Microservices Deployment Using Nomad on Ubuntu

Published on December 14, 2023

Sr Technical Writer

Microservices Deployment Using Nomad on Ubuntu


The world of DevOps and container orchestration is constantly changing, and picking the right tool can make a big difference in how efficiently microservices are deployed. One tool that stands out is HashiCorp Nomad. In this guide, we’ll dive into how you can deploy a simple microservice using Nomad on a DigitalOcean Droplet running Ubuntu server.

Nomad is a lightweight workload scheduler that manages application deployment and scaling across a cluster of machines. It supports multiple workload types, integrates with other HashiCorp tools, and is infrastructure agnostic. Nomad’s simplicity, versatility, scalability, resource efficiency, and integration make it an excellent choice for deploying and managing microservices.

Check out Nomad’s official documentation and its Comparison guide for more details and features.


Before we begin, make sure you have the following installed:

  • Doctl installed and configured on your system, which will be used to deploy a DigitalOcean Droplet running Ubuntu server.


Step 1: Deploy a DigitalOcean Droplet using ‘doctl’

First and foremost, you will need to get the SSH-key-id and Access Token, which will be used to run the doctl command to create a Droplet.

Let’s set things up:

  1. You can get your SSH-key-id using the command:
doctl compute ssh-key list
  1. You can create an access token here: Create Access Token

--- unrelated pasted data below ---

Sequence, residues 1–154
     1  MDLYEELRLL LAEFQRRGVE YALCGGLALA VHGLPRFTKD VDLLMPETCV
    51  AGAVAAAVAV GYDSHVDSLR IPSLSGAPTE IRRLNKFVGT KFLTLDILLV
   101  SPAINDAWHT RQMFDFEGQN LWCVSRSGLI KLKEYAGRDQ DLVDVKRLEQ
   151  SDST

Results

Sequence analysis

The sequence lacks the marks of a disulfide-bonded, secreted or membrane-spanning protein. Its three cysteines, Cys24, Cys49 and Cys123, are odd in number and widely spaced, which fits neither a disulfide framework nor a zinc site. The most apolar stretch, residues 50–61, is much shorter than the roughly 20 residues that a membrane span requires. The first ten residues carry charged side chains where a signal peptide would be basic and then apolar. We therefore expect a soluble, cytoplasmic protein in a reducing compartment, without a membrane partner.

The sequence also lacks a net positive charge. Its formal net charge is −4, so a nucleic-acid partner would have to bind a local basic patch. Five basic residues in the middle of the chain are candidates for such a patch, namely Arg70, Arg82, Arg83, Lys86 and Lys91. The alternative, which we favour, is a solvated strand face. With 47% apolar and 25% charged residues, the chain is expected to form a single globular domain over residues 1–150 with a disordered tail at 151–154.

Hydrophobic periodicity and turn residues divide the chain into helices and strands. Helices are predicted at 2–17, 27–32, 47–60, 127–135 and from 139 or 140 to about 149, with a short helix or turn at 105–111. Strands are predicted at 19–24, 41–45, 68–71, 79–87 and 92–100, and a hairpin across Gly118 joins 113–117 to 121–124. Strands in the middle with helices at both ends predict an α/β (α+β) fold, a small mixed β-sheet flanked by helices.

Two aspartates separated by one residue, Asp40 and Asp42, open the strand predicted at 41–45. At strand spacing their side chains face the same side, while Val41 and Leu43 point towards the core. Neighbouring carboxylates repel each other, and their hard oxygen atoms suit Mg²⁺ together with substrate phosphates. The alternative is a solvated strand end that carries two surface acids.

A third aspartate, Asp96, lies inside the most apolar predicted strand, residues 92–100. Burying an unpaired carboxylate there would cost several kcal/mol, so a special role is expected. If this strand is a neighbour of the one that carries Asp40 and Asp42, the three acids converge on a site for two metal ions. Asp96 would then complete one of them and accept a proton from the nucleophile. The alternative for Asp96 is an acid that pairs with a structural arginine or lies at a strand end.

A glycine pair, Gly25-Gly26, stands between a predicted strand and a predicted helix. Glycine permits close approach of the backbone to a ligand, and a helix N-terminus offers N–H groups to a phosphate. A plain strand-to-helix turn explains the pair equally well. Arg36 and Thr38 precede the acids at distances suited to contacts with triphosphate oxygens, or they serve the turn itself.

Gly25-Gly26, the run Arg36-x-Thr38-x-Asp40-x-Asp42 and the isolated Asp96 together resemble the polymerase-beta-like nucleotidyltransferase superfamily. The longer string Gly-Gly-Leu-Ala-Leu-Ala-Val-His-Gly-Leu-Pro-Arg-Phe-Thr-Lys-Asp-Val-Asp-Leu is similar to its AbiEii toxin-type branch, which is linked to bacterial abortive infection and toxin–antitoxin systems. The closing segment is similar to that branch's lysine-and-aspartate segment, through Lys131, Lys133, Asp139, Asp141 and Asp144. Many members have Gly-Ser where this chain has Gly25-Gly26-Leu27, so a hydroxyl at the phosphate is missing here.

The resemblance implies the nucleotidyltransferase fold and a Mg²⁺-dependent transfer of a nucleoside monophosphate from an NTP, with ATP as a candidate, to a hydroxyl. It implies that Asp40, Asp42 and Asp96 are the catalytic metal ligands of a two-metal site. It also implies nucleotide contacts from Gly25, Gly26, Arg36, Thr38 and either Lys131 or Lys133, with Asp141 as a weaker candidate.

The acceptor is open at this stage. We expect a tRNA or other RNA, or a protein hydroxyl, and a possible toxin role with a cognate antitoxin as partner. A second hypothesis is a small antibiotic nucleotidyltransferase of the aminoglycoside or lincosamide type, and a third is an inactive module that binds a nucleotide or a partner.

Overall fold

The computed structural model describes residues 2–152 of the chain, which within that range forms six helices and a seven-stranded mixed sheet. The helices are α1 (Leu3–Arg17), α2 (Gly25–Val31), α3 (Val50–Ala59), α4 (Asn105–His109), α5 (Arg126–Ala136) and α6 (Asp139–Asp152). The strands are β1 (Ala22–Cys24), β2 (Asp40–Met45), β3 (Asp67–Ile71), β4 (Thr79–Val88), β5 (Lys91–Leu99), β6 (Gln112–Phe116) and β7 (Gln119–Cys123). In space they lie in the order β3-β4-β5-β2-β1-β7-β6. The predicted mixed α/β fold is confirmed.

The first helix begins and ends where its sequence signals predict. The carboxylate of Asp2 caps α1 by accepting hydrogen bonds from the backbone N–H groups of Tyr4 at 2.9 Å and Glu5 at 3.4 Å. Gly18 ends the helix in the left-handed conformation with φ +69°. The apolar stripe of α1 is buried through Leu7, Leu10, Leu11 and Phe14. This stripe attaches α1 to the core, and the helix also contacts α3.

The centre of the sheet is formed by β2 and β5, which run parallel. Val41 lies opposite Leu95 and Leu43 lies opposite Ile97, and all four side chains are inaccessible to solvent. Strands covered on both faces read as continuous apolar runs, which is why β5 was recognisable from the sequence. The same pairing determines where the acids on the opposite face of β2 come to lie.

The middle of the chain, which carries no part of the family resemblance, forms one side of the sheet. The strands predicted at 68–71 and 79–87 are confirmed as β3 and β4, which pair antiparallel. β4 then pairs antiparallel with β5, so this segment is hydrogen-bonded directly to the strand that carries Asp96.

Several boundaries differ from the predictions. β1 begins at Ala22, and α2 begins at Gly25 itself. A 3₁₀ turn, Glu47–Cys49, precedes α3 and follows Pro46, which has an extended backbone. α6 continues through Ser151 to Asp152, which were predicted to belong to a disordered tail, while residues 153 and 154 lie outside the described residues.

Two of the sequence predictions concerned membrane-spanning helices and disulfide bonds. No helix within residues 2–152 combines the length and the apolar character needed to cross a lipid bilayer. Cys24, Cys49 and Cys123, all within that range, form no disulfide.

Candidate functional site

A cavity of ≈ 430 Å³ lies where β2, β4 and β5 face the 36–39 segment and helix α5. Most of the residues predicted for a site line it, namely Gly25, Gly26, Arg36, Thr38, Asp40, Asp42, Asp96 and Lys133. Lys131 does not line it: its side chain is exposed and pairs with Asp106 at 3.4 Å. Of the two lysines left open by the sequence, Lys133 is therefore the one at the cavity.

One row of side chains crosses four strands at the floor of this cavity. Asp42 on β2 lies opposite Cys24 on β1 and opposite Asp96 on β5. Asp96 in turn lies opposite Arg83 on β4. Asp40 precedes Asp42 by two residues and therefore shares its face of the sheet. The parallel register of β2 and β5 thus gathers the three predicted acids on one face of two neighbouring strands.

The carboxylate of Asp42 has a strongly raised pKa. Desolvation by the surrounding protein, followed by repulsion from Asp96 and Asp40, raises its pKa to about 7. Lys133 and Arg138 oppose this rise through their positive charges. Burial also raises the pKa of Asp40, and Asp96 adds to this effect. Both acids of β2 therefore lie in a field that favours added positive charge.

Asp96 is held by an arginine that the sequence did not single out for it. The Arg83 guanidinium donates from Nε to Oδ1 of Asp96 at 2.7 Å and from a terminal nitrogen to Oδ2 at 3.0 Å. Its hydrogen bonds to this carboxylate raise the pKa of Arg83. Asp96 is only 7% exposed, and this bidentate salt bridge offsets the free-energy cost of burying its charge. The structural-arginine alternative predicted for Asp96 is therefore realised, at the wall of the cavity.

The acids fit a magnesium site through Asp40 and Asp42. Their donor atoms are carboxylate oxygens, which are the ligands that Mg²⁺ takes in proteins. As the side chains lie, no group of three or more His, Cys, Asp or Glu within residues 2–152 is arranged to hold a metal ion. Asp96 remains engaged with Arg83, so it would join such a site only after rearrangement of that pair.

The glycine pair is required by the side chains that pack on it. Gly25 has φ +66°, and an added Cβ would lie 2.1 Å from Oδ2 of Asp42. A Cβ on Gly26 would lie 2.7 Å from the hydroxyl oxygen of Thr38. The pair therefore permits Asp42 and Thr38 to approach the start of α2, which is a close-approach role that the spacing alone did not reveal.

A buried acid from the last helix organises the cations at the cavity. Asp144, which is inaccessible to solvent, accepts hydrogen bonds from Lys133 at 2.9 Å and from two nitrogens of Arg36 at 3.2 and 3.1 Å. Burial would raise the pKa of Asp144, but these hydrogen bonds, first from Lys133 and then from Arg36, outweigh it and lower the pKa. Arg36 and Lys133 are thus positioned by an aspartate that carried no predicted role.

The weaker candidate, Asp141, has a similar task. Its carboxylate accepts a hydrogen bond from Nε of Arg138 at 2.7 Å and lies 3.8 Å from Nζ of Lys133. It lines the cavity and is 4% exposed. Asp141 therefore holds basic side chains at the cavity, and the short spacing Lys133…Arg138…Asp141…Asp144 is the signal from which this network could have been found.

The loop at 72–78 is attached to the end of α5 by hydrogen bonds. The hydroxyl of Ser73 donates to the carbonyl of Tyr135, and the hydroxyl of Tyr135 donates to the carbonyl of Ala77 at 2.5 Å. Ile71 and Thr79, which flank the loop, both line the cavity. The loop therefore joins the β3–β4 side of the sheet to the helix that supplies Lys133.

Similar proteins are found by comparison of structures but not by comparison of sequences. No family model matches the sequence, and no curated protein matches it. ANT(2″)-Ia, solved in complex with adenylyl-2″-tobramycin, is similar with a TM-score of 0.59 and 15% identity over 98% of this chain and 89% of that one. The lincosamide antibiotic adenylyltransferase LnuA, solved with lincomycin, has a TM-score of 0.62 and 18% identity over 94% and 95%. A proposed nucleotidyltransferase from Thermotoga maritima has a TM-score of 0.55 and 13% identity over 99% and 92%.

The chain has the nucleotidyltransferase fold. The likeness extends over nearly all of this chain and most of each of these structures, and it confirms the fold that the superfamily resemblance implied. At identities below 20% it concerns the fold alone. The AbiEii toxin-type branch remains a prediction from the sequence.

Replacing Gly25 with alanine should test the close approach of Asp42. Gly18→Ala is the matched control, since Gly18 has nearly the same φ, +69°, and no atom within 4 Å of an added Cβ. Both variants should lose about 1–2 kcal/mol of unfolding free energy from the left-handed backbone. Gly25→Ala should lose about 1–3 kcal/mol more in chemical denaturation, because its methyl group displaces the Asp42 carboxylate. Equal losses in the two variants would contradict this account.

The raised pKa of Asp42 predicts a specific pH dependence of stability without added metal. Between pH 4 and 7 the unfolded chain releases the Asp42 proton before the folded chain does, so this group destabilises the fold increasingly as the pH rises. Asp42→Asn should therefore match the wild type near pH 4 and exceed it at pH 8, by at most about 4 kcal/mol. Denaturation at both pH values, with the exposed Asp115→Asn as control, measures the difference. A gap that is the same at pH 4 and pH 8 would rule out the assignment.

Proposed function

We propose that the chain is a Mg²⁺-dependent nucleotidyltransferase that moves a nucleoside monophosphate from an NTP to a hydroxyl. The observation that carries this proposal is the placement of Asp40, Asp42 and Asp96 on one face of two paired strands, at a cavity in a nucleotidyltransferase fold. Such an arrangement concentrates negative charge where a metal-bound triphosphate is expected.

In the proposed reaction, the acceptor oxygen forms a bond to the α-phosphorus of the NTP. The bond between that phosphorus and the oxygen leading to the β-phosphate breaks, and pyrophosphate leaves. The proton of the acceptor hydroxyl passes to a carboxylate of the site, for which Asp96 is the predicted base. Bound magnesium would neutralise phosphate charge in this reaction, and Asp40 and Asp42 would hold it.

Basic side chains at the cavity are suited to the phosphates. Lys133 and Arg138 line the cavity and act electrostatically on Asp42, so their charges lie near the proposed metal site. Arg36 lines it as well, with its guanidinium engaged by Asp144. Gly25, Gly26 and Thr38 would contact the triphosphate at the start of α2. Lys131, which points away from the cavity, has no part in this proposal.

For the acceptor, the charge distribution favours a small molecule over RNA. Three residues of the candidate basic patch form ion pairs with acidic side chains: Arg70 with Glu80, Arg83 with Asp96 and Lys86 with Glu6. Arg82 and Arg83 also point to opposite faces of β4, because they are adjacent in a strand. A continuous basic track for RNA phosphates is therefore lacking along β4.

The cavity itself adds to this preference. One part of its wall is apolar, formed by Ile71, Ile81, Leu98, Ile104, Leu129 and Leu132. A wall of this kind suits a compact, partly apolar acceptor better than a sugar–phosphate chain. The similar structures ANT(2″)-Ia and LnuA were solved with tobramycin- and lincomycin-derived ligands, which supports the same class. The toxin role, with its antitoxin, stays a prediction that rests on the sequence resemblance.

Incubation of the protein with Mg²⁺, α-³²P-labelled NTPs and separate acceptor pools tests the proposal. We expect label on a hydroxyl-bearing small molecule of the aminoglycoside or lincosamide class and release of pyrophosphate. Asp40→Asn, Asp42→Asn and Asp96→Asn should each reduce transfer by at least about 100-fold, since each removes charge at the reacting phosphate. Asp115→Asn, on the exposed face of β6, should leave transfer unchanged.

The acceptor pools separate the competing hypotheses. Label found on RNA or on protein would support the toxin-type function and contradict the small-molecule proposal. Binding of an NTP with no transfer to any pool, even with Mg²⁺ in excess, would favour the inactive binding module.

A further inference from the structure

Now, let’s create an Ubuntu Droplet:

doctl compute droplet create my-droplet --size s-2vcpu-4gb --region nyc1 --image ubuntu-22-04-x64 --ssh-keys <YOUR_SSH_KEY_ID> --access-token '<ACCESS_TOKEN>' --output json"

The above command creates a new DigitalOcean Droplet named “my-droplet” with a specified size, region, image,SSH key ID and access token.

You can use the following command to get the supported sizes for Droplets and their hourly and monthly prices:

doctl compute size list

You can refer to the doctl commands reference to learn more and play around with doctl.

Now, to SSH into your Ubuntu Droplet, we will first need the Public IP of the Droplet, which can be found using the following doctl command:

doctl compute droplet get my-droplet

Note the Public IPv4 address from the above command and then SSH to the Droplet from your local server.

Once you know the Public IPv4 address of your Ubuntu Droplet, you will need to add SSH keys to connect to your Droplet remotely from your local system via SSH.

Now that you have added your SSH keys, you can log in to the Ubuntu Droplet remotely via SSH:

ssh root@<PUBLIC_IP>

Step 2: Installing Nomad and Docker Engine on your Droplet

You can refer to the following guides to install Nomad and Docker engine on an Ubuntu server: